I recently listened to this a16z podcast, A Guide to Making Data-Based Decisions in Health, Parenting… and Life, that got me thinking on how common personal finance and investing is with diet, exercise and parenting.
They all defy attempts at formulating universal laws.
Take the case of breast-feeding, for example. A truly scientific study on its benefits cannot be done. The data-set of identical or fraternal twins where the mother decided to breast-feed one and not the other for no particular reason (i.e., randomly) is simply not big enough to draw meaningful conclusions. We cannot isolate effects. What we observe are correlations. But correlation is not causation and most of them end up being spurious.
In parenting, oftentimes, we only have a sample-size of one. Most parents are guided by what their parents did and them their’s and so on. Most parenting “rules” are driven by societal norms rather than data. When I was a kid, the doctor advised by parents to substitute water with Coke or Pepsi when they traveled, which was quite often. The rationale was that water could be contaminated whereas bottled drinks are safer. Now, as a new parent, I find myself spending an inordinate amount of time trying to keep my kid away from food with added sugar. So, were my parents or doctor wrong? Should they have rolled the dice on possibly dirty water rather than sugar-water? There is simply no way to know for sure – there is no counterfactual. They simply made the best choice they could with the data that they had. Just like how I am doing with mine.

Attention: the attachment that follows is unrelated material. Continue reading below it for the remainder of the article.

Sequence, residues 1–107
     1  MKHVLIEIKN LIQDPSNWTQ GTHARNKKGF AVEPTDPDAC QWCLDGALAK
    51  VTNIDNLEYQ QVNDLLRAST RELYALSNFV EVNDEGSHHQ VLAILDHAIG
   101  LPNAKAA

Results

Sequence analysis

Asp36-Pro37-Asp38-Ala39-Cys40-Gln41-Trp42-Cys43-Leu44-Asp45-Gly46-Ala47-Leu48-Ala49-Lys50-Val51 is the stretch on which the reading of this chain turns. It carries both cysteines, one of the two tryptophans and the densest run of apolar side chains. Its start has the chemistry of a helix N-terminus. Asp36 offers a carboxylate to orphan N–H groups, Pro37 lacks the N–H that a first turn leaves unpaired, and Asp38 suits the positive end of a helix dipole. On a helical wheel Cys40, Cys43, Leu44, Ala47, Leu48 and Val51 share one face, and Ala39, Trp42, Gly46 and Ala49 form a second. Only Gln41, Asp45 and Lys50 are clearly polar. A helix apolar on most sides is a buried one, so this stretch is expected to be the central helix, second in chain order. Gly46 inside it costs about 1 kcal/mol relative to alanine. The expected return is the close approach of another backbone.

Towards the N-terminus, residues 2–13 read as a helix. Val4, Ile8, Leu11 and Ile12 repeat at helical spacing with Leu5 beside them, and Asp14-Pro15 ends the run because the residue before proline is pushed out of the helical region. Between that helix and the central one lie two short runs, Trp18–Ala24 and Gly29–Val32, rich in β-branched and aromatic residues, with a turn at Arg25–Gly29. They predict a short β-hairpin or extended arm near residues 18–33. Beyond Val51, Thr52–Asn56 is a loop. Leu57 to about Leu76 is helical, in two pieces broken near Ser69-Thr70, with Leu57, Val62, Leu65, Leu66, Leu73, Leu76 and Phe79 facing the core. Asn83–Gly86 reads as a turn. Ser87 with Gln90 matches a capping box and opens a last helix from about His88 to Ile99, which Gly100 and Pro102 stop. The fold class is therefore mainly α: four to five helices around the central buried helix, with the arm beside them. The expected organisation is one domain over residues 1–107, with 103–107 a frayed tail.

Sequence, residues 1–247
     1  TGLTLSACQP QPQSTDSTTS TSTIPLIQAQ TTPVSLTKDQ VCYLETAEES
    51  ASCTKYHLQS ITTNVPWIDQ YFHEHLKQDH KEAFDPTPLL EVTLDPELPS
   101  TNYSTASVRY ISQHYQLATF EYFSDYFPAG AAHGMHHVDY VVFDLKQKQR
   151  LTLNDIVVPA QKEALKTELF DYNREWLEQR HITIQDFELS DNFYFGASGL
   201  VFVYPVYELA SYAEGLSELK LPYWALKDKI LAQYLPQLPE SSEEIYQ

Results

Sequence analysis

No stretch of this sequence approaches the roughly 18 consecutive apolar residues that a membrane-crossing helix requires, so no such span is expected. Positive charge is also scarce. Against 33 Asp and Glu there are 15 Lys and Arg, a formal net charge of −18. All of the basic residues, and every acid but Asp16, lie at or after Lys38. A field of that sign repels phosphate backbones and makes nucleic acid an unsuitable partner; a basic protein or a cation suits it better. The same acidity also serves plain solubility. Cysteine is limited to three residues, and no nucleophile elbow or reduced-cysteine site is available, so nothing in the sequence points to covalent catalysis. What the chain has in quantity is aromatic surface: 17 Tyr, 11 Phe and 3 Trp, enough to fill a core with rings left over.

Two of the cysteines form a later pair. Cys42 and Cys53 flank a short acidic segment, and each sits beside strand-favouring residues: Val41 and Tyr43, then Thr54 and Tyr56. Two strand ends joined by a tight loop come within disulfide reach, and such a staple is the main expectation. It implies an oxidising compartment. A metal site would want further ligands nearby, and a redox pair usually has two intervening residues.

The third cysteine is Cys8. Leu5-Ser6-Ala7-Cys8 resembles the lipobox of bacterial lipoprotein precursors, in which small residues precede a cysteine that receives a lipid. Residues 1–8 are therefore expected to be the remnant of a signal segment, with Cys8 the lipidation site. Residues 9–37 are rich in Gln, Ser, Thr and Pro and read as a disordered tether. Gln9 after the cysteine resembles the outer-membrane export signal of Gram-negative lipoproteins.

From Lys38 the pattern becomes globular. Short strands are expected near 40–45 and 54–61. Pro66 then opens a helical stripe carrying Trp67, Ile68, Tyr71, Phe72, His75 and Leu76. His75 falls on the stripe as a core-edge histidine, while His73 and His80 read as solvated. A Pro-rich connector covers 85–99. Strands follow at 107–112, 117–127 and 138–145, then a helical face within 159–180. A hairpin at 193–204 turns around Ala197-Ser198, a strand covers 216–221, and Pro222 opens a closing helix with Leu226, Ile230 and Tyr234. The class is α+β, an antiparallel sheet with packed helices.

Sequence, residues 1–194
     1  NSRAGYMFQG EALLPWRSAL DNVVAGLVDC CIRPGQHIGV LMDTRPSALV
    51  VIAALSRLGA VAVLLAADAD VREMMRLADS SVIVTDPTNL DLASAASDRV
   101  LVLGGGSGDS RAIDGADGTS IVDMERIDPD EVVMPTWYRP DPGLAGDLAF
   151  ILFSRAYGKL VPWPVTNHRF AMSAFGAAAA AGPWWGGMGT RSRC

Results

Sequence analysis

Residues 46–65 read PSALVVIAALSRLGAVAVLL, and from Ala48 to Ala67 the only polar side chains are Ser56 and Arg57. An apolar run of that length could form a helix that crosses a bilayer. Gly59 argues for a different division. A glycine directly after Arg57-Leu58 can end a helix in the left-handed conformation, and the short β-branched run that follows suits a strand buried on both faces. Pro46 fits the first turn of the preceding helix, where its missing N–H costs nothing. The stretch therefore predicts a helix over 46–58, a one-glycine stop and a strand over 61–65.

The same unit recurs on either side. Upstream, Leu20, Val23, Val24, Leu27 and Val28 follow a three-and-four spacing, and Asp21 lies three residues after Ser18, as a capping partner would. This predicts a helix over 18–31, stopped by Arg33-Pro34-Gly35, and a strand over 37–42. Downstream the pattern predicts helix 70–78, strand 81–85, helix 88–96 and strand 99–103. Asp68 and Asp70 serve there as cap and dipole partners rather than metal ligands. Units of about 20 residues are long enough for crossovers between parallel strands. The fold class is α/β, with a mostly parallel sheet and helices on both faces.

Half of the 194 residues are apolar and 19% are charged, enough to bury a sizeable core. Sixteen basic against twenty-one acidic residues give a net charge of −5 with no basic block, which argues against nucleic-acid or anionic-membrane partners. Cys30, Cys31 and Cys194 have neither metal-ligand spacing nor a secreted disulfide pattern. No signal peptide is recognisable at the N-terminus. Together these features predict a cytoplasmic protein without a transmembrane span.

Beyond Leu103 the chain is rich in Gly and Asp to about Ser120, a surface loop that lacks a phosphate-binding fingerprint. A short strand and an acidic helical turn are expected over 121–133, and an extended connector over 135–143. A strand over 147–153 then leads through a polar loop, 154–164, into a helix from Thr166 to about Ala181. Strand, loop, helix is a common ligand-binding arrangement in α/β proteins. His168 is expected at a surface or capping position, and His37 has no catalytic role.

Try changing your diet. It is possibly the most difficult thing to do. We all know that vegetables are good, processed food is bad, and that we should stay away from sugar and deep-fried food. And yet, most of us will fail at being 100% healthy eaters. Why? Because a diet is a habit. In order to change it, you have to first change the environment, get rid of triggers and replace old shopping and consumption patterns with entirely new ones. A challenge that many of us find insurmountable.
Personal finance and investing have the same problems: more data is not necessarily better, there is no easy way to isolate effects, there is no counterfactual and people have hard but unstated preferences.
Your savings rate is like your diet. An advice to “save more” is as useful as “eat healthier.”
It is easier to believe that vaccination causes autism – a false but bold claim, made authoritatively – than to dive in to the messy data and statistics that back the benefits of vaccination. Just like it is easier to believe in “risk-free” trading strategies than to study one’s probabilities and sequence of returns.
Leading a healthy lifestyle only means that there is less of a risk that you will develop diabetes or get cancer decades later in life. Not zero. And neither is that risk quantifiable. Just like it takes decades for even the strongest investment strategies to play out.
It is also a lot like parenting. You will never know for sure whether you are making the “best” choice for your kids. You are only kind of sure of it once they grow up and start making their own choices.
But thankfully, there is a spectrum of good choices that can be made. The rest is up to the complex-dynamic beast of a system that we call markets… and life.